There are also security reasons for tracking workers, to ensure safety and security for all. Zones can be established to be sure that only authorized, qualified personnel are granted entry. Drivers and their vehicles can be monitored to provide visibility of all such traffic on company premises.

Overall, security is a growing concern that businesses need to consider, given the growing potential for theft and other criminal or even terroristic purposes.

What technologies can be used?
Traditionally, photo ID, magnetic stripe and passive proximity RFID cards (with a read range of a few inches) are used to identify and allow workers to pass through checkpoints, gates, doors and so forth. More recently, passive RFID cards are being used much like a highway toll tag to identify a worker within 5 to 10 feet or so of a reader at selected choke points, such as a turnstile.

None of them are effective in tracking workers at longer ranges, however, or during actual emergency situations.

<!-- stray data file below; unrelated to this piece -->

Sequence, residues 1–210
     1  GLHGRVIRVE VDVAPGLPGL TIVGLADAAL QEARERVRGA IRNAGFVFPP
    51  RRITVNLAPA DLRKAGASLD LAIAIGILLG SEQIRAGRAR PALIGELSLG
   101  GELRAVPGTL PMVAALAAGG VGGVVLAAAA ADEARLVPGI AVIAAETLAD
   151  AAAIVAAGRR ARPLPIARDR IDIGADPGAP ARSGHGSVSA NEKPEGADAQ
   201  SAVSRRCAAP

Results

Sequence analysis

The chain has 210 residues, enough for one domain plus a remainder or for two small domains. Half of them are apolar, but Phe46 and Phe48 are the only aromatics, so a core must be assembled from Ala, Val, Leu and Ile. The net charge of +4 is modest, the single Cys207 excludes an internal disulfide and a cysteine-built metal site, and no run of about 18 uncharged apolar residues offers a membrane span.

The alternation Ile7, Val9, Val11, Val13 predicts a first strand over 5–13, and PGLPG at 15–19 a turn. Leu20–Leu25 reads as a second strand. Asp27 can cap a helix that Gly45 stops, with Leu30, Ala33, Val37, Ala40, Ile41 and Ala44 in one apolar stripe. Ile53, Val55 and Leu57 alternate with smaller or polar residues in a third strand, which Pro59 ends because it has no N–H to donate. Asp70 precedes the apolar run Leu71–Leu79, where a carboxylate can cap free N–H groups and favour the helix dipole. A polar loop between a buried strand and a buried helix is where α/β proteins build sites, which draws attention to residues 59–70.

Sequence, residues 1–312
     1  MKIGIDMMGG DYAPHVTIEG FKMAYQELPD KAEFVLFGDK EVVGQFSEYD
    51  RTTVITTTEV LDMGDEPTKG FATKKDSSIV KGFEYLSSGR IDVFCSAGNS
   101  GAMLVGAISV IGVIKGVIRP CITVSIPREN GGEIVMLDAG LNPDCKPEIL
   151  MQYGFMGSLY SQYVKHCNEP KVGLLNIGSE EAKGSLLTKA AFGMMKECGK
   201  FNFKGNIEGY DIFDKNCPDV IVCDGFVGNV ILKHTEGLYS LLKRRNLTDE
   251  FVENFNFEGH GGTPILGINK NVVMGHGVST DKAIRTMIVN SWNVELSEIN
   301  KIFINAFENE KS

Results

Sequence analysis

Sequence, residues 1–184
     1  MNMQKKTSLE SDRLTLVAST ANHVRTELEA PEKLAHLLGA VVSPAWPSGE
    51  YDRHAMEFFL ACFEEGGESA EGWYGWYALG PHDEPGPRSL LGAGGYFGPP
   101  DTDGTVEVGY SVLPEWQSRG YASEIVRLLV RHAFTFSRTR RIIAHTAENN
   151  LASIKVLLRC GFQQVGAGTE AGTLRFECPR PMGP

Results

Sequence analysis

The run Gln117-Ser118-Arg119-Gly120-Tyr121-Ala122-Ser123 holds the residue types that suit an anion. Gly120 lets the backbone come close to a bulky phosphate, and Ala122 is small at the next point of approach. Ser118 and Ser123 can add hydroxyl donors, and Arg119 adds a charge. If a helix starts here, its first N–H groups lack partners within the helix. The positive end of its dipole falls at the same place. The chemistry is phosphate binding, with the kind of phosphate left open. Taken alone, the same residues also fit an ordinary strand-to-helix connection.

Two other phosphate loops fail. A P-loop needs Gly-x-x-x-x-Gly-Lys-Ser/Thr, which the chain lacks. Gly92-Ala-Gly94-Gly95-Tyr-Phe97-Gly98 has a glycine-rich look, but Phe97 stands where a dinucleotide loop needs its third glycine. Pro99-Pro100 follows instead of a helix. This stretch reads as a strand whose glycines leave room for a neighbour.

If there is a problem and evacuation alarms go off, the last thing employees will do is stop to swipe or wave their ID cards, or walk in an orderly single file out the door. Forget about magnetic boards and clipboards.

During emergencies, everyone flees to safety through any exit they can find—dock doors or even bathroom windows—some grabbing whatever is close to them. Short-range passive RFID badge systems are simply unsuccessful at tracking personnel during the chaos of an evacuation emergency.

Field experience has proven that long-range active RFID is the only technology that can deliver the use case demanded for personnel evacuation and mustering systems.

What works? The case for active UHF RFID
Active UHF RFID tags have proven to be not only effective under harsh conditions and extreme weather, but also versatile enough in situations involving large, noisy metal structures with machinery, or in environments that may contain gases and vapors, high voltages and thick airborne dust.

Two versions can be supplied—one for routine operations in nonharzardous environments, and one that has earned “Intrinsically Safe” or ATEX certifications for continuous operation in the presence of flammable gas or explosive airborne particles. My company, Identec Solutions Inc., provides both types of tags in a product line optimized to track thousands of workers in many industries worldwide, in office-like conditions or outside in extreme temperatures ranging from -40 degrees to +85 degrees Celsius (-40 degrees to +185 degrees Fahrenheit).